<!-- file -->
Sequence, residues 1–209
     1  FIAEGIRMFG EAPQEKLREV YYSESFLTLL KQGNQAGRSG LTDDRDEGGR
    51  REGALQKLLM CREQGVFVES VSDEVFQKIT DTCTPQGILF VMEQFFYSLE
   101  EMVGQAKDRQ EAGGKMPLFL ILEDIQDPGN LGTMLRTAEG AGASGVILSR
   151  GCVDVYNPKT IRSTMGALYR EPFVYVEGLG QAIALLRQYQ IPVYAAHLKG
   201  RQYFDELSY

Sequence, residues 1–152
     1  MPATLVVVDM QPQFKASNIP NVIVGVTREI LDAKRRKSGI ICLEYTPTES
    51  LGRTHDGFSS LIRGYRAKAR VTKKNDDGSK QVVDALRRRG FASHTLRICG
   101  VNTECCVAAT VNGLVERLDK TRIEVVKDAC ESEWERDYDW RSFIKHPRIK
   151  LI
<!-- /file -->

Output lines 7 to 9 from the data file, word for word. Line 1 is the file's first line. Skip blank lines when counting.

Sequence, residues 1–152
     1  MPATLVVVDM QPQFKASNIP NVIVGVTREI LDAKRRKSGI ICLEYTPTES
    51  LGRTHDGFSS LIRGYRAKAR VTKKNDDGSK QVVDALRRRG FASHTLRICG